Roundhouse doors stress Cricut accuracy

I should know better, really I should.  Time and again, I press forward only to run headlong into reality.

This week I’ve stolen only a few minutes away from work; or more accurately, work has stolen most of the evening hours from me.  Those minutes that I could apply to the railway went to creating a plug to assist with positioning the doors so I can complete the hinges.

Having only a few minutes, I pretty much threw the doors on the plug and found to my chagrin that they are too big!  How has this happened?  The drawing actually allows .020″ (.5 mm) clearance around the doors.  Yet, they are as much as .040″ (1 mm) too wide.

My best theory is that because I cut out the openings and the doors themselves in separate runs, the cutter is not as accurate as I might have hoped or thought.  I don’t recall, but perhaps I even rotated one of the parts, and it is likely that the cutter is not uniformly accurate; a vertical centimetre may not be the same as a horizontal one.

In any case, now I am faced with a gut-wrenching decision.  Should I salvage the hinges and abandon the doors, or shave little bits off here and there to see if I can make them fit?


5 thoughts on “Roundhouse doors stress Cricut accuracy

  1. I’ve used a Cricut too, with similar issues. The problem I have is that with my unit, alignment of the material to be cut is CRITICAL when it comes to cutting, and even than, the dimensions on my drawing are not always exactly what comes out. I would save the doors and shave a little off where you have to. I’ve given up on using mine for structures, but will use it for stand-alone pieces, like letters for the side of a building or name plates for my fascia. I may save up and buy a higher-end cutter at some point down the road.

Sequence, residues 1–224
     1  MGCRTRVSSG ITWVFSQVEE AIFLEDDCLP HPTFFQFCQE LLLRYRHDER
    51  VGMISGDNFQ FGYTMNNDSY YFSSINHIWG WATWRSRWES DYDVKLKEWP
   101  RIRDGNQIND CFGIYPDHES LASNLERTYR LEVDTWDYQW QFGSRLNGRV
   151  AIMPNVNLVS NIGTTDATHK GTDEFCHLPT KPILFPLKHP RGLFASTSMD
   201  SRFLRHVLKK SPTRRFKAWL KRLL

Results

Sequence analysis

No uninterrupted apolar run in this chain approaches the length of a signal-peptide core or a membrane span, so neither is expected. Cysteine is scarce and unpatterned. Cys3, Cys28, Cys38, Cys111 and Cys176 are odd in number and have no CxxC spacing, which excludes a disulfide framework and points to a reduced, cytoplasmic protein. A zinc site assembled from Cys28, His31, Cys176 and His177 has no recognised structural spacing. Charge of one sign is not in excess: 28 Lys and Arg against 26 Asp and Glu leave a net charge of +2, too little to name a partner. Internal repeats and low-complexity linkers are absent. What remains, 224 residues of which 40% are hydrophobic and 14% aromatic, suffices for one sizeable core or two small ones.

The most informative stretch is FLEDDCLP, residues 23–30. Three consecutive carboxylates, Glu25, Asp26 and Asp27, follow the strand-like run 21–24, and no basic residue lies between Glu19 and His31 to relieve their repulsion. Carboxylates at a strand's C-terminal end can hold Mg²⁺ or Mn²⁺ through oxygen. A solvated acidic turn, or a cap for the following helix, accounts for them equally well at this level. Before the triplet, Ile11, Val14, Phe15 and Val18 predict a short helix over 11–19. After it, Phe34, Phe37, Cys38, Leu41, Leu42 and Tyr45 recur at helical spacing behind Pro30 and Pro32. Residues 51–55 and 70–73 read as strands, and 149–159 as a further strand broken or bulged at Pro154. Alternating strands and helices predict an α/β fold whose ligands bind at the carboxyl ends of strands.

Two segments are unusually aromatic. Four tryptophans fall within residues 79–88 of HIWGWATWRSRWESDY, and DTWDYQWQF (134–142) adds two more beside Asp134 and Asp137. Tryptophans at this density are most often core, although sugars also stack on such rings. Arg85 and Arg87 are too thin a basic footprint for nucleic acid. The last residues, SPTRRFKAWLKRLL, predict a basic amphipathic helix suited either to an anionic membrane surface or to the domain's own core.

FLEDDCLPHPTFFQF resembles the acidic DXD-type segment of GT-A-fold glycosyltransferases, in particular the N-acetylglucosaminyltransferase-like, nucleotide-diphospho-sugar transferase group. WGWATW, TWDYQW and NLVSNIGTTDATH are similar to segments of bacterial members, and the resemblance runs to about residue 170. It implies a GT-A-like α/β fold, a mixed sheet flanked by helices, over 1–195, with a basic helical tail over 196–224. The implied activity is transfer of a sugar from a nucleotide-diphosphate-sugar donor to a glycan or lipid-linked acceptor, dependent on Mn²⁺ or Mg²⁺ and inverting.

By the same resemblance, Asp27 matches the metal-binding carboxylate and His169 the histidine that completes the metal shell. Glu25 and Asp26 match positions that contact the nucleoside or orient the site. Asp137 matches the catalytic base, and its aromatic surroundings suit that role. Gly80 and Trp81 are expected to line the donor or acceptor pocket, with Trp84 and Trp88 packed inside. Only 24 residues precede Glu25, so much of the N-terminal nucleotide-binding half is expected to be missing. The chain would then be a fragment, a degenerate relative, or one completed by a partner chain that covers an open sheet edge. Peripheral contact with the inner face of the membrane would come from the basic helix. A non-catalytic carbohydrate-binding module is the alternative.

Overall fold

Keep the blot posts coming!

    1. Thanks for the validation. I think one of the keys to success is to cut as many interdependent parts at once as possible. If I had cut the doors at the same time as the openings, oriented the same way, they’re more likely to have worked. Casting and even etching suffer from the same shortcoming.

  2. Hi Rene!
    Grrrr! don’t you just love it when you run into an obstacle after all that planning! :/

    I second the motion to do a little trimming rather than throwing away all your work up to this point. That’s what I would do anyway.
    Cheers, Shawn

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